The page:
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Dana Tai Soon Burgess: Dancing an immigrant experience in the nation’s capital

Choreographer Dana Tai Soon Burgess and dancer Tati Valle Riestra rehearse 'Tracings'. Photo courtesy of DTSBDC.
Choreographer Dana Tai Soon Burgess and dancer Tati Valle Riestra rehearse 'Tracings'. Photo courtesy of DTSBDC.

In 2003, Dana Tai Soon Burgess created a work on an immigrant experience that his own immediate family members experienced — coming to Hawaii from Korea to work on sugarcane and pineapple plantations. In 2018, with all of the heated socio-political discourse around immigration, he decided that it was a good time to refine and bring back the work. “With the work, I want to express how difficult it can be to come to a new country,” he shares. His company, Dana Tai Soon Burgess Dance Company, will perform the work, called Tracings, in the Robert and Arlene Kogod at the National Portrait Gallery on May 4. Burgess is the Smithsonian Institution’s first ever Choreographer in Residence.

The Kang family pose on the Del Monte plantation where they worked. Photo courtesy of DTSBDC.

The Kang family pose on the Del Monte plantation where they worked. Photo courtesy of DTSBDC.

Dance Informa spoke with Burgess about the process of bringing this repertory work back again, personal meaning of the work for him, aesthetic influences for the work, and more. He describes how he “edited” a lot in the work, paring down to essentials, for this revival. There were also considerations for performing the work outside, such as changing the backdrop. Projections during the performance will display the Korean-American experience on Hawaiian plantations. The National Portrait Gallery is also currently exhibiting “Portraits of the World: Korea”. Works in this exhibit, and Yun Suknam’s work “Mother III” in particular, set a meaningful, inspiring context for the work to be performed. Thus, the timing worked out extremely well to have the site as a performance venue for this work.

Burgess also details some of the inspirations for movement content in, and aesthetics of, the work. He describes scars on his mother’s hands, which he would ask about when he was a child. In an as age-appropriate way as possible, she told Burgess about working on pineapple plantations when she first came to America (Hawaii, more specifically). The hands thus became a focus in the movement. He recounts how remembering these scars, and the stories she told him about how she got them, was an “ah-ha” moment for him in creating Tracings. His mother, visual artist Anna Burgess, will have an actual physical presence in the work, as well; she will appear as a special guest performer.

For Korean immigrants working on these Hawaiian plantations, the conditions were brutal — long days carrying loads of fifty-pound bags, in the scorching heat. All factors considered, it was essentially indentured servitude. Burgess also asked himself, as if trying to get a sense of the physical experience of carrying those bags, how many of the props shaped like pineapple tree branches would equal fifty pounds. This got him thinking about new ways to use those props and to physicalize the idea of a heavy load upon oneself.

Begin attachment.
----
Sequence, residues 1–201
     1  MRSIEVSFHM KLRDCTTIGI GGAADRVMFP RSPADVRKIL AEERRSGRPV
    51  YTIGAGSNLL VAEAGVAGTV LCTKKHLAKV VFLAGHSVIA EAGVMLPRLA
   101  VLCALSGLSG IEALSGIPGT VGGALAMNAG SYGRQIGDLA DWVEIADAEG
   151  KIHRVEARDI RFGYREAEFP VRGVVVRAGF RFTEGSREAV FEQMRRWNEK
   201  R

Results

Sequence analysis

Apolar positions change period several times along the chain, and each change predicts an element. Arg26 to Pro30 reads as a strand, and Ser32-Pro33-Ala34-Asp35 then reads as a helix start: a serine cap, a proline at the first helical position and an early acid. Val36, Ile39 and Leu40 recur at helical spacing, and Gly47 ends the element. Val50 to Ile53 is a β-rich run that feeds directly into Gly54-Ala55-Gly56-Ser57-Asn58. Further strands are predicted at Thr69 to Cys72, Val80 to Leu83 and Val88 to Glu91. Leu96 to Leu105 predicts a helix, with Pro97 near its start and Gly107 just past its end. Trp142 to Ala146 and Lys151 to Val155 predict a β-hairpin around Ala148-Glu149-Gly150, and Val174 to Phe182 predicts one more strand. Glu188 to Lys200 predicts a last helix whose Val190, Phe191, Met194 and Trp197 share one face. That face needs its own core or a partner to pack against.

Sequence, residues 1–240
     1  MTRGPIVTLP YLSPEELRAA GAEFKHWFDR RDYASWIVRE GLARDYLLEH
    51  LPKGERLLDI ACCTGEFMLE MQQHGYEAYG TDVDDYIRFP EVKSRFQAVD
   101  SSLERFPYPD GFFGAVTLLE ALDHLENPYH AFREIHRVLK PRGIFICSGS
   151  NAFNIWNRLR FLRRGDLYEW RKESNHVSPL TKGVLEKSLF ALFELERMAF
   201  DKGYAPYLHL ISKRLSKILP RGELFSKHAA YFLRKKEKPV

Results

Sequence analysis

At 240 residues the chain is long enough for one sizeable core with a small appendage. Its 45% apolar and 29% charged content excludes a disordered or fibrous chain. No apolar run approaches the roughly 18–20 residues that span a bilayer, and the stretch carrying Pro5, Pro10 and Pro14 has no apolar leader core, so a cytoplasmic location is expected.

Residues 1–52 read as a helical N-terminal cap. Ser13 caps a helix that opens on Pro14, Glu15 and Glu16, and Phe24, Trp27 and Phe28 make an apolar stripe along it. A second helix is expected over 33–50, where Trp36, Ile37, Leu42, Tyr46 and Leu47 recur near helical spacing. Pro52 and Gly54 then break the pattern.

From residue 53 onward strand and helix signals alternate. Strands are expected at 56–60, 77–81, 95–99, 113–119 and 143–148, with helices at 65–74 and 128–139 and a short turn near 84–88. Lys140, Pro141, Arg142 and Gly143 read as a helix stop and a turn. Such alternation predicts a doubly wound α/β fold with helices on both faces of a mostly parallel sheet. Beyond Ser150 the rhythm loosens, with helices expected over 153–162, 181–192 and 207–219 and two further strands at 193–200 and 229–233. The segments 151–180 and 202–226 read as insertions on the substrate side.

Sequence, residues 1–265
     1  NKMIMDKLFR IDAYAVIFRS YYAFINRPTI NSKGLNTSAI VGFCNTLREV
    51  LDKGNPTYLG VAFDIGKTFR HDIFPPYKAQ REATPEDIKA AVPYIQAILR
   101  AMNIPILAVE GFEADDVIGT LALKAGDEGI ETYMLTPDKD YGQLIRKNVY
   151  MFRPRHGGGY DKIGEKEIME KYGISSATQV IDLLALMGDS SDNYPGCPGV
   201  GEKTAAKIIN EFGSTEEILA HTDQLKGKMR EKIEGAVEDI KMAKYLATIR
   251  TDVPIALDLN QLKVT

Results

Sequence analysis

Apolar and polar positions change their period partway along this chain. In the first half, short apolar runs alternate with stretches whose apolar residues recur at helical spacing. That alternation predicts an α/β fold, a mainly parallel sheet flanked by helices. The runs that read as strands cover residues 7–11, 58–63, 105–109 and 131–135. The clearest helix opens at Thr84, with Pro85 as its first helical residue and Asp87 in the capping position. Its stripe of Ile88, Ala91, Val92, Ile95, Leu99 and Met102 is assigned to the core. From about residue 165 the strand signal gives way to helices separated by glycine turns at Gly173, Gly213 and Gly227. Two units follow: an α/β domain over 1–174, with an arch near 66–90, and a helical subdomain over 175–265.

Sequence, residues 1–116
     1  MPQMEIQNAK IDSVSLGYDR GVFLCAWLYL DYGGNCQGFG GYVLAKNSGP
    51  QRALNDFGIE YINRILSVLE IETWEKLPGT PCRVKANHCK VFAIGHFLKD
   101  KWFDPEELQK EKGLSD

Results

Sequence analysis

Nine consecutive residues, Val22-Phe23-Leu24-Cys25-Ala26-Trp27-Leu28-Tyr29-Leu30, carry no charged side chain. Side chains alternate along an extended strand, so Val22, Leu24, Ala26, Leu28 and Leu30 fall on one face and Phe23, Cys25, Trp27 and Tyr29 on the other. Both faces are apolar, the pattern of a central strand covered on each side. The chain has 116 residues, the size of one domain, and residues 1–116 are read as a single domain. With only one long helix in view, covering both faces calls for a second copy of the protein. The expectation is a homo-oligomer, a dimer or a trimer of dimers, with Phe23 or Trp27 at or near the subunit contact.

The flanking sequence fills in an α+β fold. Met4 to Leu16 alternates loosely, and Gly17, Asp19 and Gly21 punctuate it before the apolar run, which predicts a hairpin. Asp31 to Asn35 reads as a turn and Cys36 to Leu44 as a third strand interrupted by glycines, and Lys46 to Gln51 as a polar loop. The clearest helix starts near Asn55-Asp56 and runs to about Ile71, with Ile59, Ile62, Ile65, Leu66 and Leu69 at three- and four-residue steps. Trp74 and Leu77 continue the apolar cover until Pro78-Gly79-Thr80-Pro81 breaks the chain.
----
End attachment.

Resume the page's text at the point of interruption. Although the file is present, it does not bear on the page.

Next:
Aesthetically, Korean traditions guided Burgess. For example, he used more Korean traditional dance than he has in most of his works, blending it with contemporary dance, he explains. Costumes are also off-white, a cream color — the color of mourning in Korean customs. The idea of mourning fits into the work in the sense of losing one’s old home and the life one knew when moving to a whole new country. Larger themes like loss, finding love, and building community also guided the structure of the work, as well its movement. Each section of the work has a focus of these larger themes.

Dancer Miyako Nitadori performs movement from 'Tracings'. Photo courtesy of DTSBDC.

Dancer Miyako Nitadori performs movement from ‘Tracings’. Photo courtesy of DTSBDC.

Also key to the work overall is the idea of memory, as well as that of community —  within memory, within the present, and within the future. Part of the immigrant experience that Burgess has wanted to illustrate has been this losing and gaining of different communities. These themes are also universal, however, Burgess emphasizes. “We have all experienced love and loss and change in life, so there’s an entry point for everyone,” he asserts.

For Burgess himself, there was also the fact of the work being focused on painful — even traumatic — experiences for his loved ones. Undergoing the creative process with content holding this kind of meaning for oneself could be very difficult for any artist. Yet he believes it’s all in the timing, in allowing the creative subconscious to reveal when you as an artist are ready to explore such a personally weighty topic.

He gives the example of when he went into the studio to create Charlie Chan and the Mystery of Love, a work centered on personal experiences from his youth, he thought it was going to be a completely different work than it ended up being. When he was ready to make it, it showed itself to him, he explains. One could ask the question if this nation is ready to encounter, and perhaps should encounter, more stories about the immigrant experience. Burgess seems to believe that it is, and should. Conversations can start with stories, and conversations can lead to a better world. Art can indeed be part of making a better world.

By Kathryn Boland of Dance Informa. 

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